the garden is winding down, but it has been a bountiful summer - borlotti beans (that's the red pods here), tomatoes, small delectable aubergines, tasty cucumbers (so much more flavor than the store-bought kind), artichokes (none visible in this photo), small succulent squash, broad beans and autumn raspberries coming out of our ears for more than a month. the bounty from the garden has been so good that it's almost turned us vegetarian without any effort (tho' we haven't given up bacon - can one be a bacon-tarian?).
with tomatoes and cucumbers as plentiful as they've been, we've tossed them together with feta or mozzarella and a bit of olive oil and balsamic vinegar and some fresh, chopped parsley (it's been a good year for parsley with all of the rain we've had) or sometimes mint for salads nearly every night.
but the real revelation has been a nigel slater-inspired broad bean hummus. we've experienced the entire spectrum of the broad bean...from tiny little green and nearly pealike ones, to the large mature kind that you have to boil and then peel away the grey outer husk before pureeing them into a delicious green hummus.
20-25 large broad bean pods (these may be called favas in the US or hestebønner in denmark)
2 cloves garlic
1 big spoonful of tahini
salt & freshly-ground pepper
handful of parsley or mint
shell the broad beans - it should result in a generous cup or so (you don't have to be that exact), boil them in salted water until they're tender (about 20 minutes). drain the water, allow them to cool and remove the greyish outer covering (it comes off easily after boiling). throw the beans into your food processor with the garlic, tahini (nigel doesn't use tahini in his, but i liked it better with tahini - it gives it that hummus kick that it otherwise lacks) and the herb of your choice (sometimes we wanted the freshness of mint, sometimes the brightness of parsley - use whichever, according to your mood), add a generous sprinkle of salt and a good glug of olive oil. whirr it up in the food processor. if it doesn't go smooth, add more olive oil until it's a smooth, hummus-like consistency. serve it with freshly-baked bread.
if you make a simple chopped tomato, garlic, basil mixture with a bit of olive oil and balsamic for bruschetta, you'll have a meal with simple ingredients from the garden paired with a loaf of bread lovingly baked.
i made this at least once a week, all summer long. the beans give you the protein you need so you don't have to eat meat. it refrigerates well and tastes even better the next day, once the garlic and tahini have melded with the broad beans.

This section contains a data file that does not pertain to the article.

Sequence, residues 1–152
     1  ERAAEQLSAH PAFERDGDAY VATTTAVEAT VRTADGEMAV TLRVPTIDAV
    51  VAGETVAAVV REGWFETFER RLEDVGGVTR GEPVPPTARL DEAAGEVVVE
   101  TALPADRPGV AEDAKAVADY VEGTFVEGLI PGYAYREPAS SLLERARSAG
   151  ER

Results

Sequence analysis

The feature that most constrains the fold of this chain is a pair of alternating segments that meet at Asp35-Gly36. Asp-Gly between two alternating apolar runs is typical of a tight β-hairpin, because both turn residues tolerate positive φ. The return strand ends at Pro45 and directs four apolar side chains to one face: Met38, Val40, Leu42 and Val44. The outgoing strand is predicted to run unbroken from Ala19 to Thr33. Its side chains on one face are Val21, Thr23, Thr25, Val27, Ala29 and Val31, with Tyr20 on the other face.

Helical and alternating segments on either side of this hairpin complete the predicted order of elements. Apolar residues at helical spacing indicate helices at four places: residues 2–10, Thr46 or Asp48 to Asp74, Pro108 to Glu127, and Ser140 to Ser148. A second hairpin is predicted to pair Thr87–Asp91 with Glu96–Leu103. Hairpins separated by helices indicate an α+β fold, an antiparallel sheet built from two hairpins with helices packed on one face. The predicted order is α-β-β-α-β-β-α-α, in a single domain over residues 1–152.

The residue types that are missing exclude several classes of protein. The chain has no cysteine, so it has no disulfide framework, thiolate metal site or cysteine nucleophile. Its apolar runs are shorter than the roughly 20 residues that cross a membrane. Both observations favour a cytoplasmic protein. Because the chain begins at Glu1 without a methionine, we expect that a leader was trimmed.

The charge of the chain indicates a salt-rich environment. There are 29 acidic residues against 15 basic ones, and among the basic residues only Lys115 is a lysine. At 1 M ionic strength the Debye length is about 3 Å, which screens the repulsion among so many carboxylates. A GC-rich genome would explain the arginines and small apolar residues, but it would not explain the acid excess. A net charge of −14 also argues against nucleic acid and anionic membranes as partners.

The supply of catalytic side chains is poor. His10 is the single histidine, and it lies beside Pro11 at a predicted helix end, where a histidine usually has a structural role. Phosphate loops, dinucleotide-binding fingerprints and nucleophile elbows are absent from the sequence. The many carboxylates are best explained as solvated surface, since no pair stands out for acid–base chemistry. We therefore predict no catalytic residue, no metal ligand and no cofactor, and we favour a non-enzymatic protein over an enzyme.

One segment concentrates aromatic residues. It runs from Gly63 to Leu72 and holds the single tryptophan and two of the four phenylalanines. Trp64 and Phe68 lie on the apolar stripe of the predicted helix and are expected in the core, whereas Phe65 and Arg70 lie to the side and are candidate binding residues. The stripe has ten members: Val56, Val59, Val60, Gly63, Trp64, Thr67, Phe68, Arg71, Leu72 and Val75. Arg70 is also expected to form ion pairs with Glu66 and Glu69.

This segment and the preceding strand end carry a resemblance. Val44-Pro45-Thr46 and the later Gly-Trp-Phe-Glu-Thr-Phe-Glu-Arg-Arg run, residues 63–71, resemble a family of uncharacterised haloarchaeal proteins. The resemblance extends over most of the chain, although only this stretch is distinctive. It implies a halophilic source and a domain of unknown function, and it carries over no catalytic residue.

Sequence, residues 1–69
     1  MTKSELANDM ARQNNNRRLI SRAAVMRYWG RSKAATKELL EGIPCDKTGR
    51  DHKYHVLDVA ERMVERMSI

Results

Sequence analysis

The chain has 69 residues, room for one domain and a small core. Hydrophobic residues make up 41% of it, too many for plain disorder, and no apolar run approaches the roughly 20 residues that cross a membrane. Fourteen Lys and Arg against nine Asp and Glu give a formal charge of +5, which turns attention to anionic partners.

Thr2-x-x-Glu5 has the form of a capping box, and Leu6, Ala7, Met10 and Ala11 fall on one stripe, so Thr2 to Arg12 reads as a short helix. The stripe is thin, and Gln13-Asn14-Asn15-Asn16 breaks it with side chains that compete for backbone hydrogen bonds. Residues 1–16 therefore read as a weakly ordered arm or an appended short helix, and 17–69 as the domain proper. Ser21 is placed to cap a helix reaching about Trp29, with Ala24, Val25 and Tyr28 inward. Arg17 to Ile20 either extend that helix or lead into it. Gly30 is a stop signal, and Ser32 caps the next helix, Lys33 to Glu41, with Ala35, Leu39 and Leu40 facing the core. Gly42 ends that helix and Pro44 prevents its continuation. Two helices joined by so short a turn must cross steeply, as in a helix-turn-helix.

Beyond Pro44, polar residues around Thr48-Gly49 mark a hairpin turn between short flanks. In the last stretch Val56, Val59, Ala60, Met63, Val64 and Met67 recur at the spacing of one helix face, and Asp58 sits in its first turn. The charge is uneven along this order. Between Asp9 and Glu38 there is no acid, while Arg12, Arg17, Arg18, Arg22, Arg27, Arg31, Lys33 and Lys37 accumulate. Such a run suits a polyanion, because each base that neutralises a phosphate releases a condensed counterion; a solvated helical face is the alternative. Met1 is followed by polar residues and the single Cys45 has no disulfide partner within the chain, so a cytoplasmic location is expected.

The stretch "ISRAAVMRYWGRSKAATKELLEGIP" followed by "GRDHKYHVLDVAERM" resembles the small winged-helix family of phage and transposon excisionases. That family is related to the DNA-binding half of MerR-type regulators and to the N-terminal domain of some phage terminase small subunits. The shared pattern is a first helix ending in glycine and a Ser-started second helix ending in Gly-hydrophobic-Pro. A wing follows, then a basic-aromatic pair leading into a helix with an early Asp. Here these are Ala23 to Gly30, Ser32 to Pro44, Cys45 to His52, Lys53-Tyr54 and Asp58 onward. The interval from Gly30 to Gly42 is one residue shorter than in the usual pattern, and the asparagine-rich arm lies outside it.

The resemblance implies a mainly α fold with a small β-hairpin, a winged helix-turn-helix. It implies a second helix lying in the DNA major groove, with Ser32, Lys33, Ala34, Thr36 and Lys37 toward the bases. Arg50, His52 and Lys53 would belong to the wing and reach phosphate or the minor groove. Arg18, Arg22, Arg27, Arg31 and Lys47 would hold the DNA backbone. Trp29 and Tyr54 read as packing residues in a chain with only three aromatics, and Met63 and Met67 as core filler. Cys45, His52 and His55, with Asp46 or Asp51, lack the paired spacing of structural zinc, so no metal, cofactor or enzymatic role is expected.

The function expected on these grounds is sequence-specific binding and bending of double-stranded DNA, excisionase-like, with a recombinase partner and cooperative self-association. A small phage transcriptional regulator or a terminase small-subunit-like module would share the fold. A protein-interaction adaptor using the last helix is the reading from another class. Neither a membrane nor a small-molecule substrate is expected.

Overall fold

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very often this summer, i would wander out to the garden around 5:30 or so, with nothing much in mind for dinner. the day i gathered the veggies you see above, i brought them in, washed them and just started chopping, not sure where it would take me.
garden bounty pasta
handful of borlotti beans
1 small onion, diced
2 cloves of garlic, minced
1 small aubergine, diced
1 small zucchini/courgette, diced
handful of swiss chard leaves, chopped
2-3 small/medium tomatoes, diced
salt & pepper
chopped, fresh parsley (or oregano or marjoram or basil if you have it)
1 package linguini (or spaghetti or shells or whatever pasta you like).
freshly grated parmesan to garnish
boiled up the pretty pink-spotted borlotti beans and crisped up some chopped bacon with some onion and garlic while they were boiling. add the diced aubergine and zucchini (courgette) squash. when the beans are done, drain them and turn them in the bacon and veggie mixture. boil up some fresh linguini noodles, or whatever pasta you have on hand would be fine. once the pasta is nearly done, add some chopped tomatoes and chopped swiss chard to the vegetable mix at the last minute, so that the tomatoes are just warmed, but keep their structure and the chard wilted, but retains its green brilliance. salt and pepper to taste and it is ready to serve over the pasta. garnish with freshly chopped parsley and fresh parmesan. you could also sprinkle some toasted pine nuts on top if you had some on hand.
this became a fast favorite and has also been on our table, with slight adjustments for what veggies were ready, for much of the summer.
if you don't have a garden, just visit your local farmer's market or the fruit and vegetable counter of your local grocery store, and see what's in season.